Doctor Manoj Vasireddy from Amor Hospital, Kukatpally, pointed out two significant reasons. He said, “Firstly, neck manipulation by untrained professionals is a common cause of stroke. Secondly, it is more often seen in men, who get neck or head massages.”

He goes on to explain a few
symptoms of stroke, which are:
[1] Sudden onset of imbalance
[2] Slurred speech
[3] Deviation of the mouth to one side
[4] Weakness of a hand or leg

Furthermore, doctor Vasireddy said, “Avoid neck massage or manipulation by unqualified people (other than a qualified physiotherapist/chiropractor/or medical doctor). Lastly, seek emergent medical help in case anyone experiences any symptoms of paralysis.”

While we are discussing this syndrome in great detail, it is equally important to note the fact that Dr Charan Teja Koganti, Associate Professor, VRKMC, Hyderabad, and consultant neuropsychiatrist, highlighted. He talked about the rarity of the syndrome. He said, “The last incident I remember happening was in Japan. This happens due to prolonged hyperextension of the neck. A blood clot that is formed during this process can dislodge and cause a stroke later on. Also, the time spent on the procedure can be reduced if it is more efficient. However, it is very rare to happen.”

We are indeed living a lifestyle that is extremely exhausting. And while health emergencies don’t discriminate, we do have a responsibility towards ourselves. Taking note of the incident and interacting with it is Likhita Yalamanchili, a doctor by profession, model, and influencer at heart. She amplified, “Stroke is an emergency condition for us. Acting at the earliest possible time is the only way to minimise brain damage.

As every minute passes, stroke affects the brain even more. I believe educating or spreading awareness of the symptoms of stroke is key. Time is most important in a medical emergency, and recognising the symptoms is the first thing in the individual’s hands. Also, before stroke sets in, the affected person might notice a transient ischemic attack. This is a brief episode wherein the person experiences symptoms of stroke that last for less than an hour. Being watchful is yet again crucial so that immediate assistance can be provided by the doctors.”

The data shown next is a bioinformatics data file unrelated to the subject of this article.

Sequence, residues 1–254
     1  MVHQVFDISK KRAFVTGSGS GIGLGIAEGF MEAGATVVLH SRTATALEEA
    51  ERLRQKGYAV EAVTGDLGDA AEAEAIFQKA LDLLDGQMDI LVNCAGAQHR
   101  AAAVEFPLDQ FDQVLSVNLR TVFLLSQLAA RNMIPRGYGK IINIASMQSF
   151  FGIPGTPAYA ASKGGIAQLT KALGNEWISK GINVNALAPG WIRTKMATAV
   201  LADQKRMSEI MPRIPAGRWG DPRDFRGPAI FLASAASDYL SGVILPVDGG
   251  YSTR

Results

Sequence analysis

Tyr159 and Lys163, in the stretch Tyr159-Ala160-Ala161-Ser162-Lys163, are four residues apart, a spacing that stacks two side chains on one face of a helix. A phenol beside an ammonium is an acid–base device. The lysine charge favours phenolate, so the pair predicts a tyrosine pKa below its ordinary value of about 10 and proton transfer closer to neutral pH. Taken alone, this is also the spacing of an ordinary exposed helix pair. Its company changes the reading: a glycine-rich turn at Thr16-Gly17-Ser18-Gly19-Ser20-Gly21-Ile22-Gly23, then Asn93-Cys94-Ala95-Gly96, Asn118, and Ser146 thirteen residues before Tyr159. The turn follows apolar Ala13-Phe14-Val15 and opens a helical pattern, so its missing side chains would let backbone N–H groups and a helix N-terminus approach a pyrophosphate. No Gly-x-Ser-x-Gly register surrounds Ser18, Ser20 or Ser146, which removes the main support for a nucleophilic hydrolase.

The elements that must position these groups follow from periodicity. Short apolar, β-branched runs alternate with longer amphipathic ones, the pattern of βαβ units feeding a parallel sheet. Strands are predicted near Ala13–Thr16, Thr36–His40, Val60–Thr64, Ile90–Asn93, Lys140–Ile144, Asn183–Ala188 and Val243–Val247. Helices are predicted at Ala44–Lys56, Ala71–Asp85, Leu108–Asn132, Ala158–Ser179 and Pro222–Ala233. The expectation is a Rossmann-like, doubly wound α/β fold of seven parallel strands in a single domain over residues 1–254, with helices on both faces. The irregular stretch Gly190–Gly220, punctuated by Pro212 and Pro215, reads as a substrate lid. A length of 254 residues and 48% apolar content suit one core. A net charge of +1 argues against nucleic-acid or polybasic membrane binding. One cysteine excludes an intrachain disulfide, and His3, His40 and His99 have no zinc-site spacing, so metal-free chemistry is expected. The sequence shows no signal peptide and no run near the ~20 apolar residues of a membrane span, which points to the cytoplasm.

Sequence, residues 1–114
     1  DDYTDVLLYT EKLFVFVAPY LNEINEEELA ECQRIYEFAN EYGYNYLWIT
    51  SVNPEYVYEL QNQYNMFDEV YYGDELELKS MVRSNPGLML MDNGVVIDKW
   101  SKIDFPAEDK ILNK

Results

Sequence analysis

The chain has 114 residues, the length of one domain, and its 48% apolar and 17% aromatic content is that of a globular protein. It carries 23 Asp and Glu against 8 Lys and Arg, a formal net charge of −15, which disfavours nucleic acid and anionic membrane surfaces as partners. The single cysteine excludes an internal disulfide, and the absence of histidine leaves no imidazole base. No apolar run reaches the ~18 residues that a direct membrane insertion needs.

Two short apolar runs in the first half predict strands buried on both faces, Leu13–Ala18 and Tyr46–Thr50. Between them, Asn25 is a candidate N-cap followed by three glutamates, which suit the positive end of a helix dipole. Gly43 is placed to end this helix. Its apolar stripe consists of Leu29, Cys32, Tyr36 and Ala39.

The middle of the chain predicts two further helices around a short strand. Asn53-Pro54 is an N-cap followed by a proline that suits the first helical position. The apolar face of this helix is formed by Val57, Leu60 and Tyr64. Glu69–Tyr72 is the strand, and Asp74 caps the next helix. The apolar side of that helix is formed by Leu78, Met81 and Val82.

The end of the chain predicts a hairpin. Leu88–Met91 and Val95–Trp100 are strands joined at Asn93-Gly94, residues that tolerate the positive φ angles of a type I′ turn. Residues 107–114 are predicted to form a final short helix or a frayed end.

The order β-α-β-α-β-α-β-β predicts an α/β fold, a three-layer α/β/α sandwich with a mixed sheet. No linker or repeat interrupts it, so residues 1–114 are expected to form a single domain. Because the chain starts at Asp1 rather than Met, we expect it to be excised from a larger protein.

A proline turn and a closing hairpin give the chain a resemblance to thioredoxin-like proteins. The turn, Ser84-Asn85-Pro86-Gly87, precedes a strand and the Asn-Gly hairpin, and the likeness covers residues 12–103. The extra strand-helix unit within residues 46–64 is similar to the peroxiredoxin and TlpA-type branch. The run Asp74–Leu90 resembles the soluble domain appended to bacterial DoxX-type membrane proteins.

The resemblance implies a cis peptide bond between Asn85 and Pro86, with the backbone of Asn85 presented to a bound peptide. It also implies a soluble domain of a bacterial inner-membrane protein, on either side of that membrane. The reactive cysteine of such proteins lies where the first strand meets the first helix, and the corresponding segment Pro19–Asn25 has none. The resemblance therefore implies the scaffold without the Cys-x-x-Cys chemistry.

This incident definitely serves as a wake-up call to salon owners in considering their duty of care in relation to their clients, fully understand the related health risks that exist at the salon backwash, and doing something about it.

Highlighting some basic measures that the salon should work on to avoid such incidents, we have Dr Aarushi Mittal, who is a dermatologist and deals with a lot of hair dye and salon-related mishaps every day, she shared a list of a few simple ways to prevent this syndrome:

• Use a head bed (head-neck cushion) because they are made from five-star high-grade silicone rubber, which is hygienic, soft, ergonomic, and durable for literally thousands of washes.

• The most common cause of the vertebrobasilar disease is atherosclerosis. One can help prevent atherosclerosis by following these instructions:

• Do not smoke.
• Eat foods that are low in fat and cholesterol.
• Lose weight if you are overweight.
• Exercise frequently according to your physician’s instructions.
• Lower blood pressure if it is high.
• Lower blood sugar if it is high.

Some people also have bony defects, which, on manipulating the neck, become visible and impinge on the canal with the vertebral artery.